OIRA Administrator Sunstein Calls Crain & Crain Report "Deeply Flawed"
by Jessica Randall, 6/23/2011
In his oral testimony in a hearing before the Senate Committee on Homeland Security and Governmental Affairs on June 23, Cass Sunstein called out a "deeply flawed" report that many have been using to criticize the costs of the regulatory system.
The report in question was commissioned by the Small Business Administration's Office of Advocacy from economists Nicole and Mark Crain. It pins the annual cost of regulations at $1.75 trillion, a figure which many on Capitol Hill have repeated as they argue that federal agencies should halt or delay the rules that protect our health, workplaces, and environment.
Unfortunately, that number is simply not accurate. The study has been widely discredited by the Congressional Research Service, the Economic Policy Institute, and the Center for Progressive Reform. Even the Crains themselves have said that the number was "not meant to be a decision-making tool for lawmakers or federal regulatory agencies."
With Sunstein's opening remarks, the Obama administration became the latest voice to join the chorus decrying the report. He said the report is "deeply flawed and should not be relied on" and referred to the $1.75 trillion figure as "an urban legend." In defending the Obama administration's regulatory record, Sunsten noted that the benefits of final rules (including things like lives saved and illnesses prevented) far outweigh the costs of regulation. He pointed out that this has been the case under both Republican and Democratic administrations.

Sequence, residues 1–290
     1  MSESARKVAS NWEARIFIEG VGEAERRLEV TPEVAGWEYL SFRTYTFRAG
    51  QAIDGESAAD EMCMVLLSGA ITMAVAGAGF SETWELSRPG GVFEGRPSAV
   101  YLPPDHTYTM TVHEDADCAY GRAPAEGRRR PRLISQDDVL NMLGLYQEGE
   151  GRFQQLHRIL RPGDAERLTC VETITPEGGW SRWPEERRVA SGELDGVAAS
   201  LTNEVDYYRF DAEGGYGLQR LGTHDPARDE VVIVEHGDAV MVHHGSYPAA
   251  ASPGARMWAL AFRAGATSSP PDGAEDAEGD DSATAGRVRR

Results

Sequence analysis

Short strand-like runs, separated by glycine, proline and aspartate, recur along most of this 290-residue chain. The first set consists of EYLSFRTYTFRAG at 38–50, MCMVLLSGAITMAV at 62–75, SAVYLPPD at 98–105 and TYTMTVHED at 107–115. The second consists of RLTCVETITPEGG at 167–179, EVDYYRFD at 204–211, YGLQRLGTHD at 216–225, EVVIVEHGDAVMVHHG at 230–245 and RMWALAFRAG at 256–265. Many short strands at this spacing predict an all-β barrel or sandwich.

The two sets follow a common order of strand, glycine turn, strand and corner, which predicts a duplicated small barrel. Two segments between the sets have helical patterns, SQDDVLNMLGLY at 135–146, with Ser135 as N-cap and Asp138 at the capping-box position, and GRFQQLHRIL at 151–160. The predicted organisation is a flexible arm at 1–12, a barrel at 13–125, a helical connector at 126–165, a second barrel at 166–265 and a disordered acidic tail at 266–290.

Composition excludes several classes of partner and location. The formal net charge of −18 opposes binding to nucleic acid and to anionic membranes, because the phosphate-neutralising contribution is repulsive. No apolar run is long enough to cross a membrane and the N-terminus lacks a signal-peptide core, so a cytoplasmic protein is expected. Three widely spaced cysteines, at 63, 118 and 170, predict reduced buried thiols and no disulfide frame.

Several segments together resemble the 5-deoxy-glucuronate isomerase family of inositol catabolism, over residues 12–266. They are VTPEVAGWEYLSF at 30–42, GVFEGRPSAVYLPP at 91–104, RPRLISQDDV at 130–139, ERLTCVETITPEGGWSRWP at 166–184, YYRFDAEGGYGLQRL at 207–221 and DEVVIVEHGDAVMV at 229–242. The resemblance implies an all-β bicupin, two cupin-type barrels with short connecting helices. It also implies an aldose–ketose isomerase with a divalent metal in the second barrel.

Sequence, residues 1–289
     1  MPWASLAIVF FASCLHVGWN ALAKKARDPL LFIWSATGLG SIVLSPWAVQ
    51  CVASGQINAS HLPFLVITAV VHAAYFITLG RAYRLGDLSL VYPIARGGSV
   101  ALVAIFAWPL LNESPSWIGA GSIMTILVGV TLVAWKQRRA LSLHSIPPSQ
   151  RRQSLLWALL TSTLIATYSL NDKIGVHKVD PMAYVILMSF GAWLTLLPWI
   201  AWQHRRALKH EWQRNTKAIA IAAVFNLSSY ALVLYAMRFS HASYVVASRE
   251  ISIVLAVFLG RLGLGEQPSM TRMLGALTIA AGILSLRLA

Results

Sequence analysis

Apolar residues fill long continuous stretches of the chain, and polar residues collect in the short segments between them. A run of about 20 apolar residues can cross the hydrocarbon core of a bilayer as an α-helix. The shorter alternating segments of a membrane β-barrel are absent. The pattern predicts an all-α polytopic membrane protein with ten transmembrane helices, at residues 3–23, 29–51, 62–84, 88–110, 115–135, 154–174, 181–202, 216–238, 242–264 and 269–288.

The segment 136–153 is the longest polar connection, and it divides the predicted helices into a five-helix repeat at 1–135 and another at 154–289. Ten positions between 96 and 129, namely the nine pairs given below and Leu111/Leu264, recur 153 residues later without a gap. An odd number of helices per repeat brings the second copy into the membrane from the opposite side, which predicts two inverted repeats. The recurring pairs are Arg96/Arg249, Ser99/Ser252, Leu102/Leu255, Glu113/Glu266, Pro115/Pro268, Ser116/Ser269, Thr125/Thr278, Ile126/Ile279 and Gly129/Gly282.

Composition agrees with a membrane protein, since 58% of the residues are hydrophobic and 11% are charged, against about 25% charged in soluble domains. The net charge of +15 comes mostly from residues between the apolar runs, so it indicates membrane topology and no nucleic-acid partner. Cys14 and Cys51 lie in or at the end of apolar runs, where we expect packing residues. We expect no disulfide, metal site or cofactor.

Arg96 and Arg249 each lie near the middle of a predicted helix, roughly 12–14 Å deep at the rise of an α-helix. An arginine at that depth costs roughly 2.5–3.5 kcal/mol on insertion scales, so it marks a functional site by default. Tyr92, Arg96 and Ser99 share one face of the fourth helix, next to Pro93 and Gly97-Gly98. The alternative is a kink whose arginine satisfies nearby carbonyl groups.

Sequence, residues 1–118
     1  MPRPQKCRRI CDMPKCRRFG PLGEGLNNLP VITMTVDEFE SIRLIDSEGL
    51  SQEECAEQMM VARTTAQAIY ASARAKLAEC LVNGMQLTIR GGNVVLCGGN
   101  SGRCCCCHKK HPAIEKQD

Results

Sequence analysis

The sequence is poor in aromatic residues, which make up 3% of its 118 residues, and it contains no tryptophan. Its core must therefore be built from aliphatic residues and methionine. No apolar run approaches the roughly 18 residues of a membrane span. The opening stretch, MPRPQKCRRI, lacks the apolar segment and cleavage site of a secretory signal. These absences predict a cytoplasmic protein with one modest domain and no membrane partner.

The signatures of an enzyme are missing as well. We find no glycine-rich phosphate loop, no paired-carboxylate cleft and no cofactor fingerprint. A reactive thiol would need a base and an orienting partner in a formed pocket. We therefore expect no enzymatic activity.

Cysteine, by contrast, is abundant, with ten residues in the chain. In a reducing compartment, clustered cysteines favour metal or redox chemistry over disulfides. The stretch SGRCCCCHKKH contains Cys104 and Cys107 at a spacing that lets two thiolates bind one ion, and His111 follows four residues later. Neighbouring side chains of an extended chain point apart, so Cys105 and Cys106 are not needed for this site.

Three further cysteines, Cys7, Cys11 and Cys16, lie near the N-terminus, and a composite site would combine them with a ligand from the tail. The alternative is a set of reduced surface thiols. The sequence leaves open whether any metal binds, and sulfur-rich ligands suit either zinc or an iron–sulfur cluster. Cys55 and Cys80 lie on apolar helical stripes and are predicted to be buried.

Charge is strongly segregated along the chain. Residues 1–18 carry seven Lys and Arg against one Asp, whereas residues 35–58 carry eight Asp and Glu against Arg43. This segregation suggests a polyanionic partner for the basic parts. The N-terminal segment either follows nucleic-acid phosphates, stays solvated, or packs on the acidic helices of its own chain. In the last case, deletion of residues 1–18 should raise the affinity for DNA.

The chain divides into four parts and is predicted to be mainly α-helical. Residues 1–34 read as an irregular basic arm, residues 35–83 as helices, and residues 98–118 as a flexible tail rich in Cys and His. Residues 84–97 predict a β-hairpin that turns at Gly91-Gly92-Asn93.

Austan Goolsbee, the Chairman of the Council of Economic Advisers, provided a bit more detail in a post on the White House blog. He wrote:
“Some people are throwing around scary numbers about the costs regulations are imposing on the US economy. One group is even claiming that the regulations currently on the books cost the U.S. economy $1.75 trillion in 2008. The Council of Economic Advisers has looked at those claims and the $1.75 trillion figure is utterly erroneous. In fact, their own data (which come from the World Bank) show that countries with smarter regulations have higher standards of living, and the United States has one of the best regulatory systems in the world. And beyond that, their number completely ignores the benefits of regulation.”
The Chamber of Commerce and their allies in Congress certainly can have their opinions about regulations – but it's high time they stopped trying to make up their own facts. We can all hope that Sunstein's comments will make a difference in changing the debate.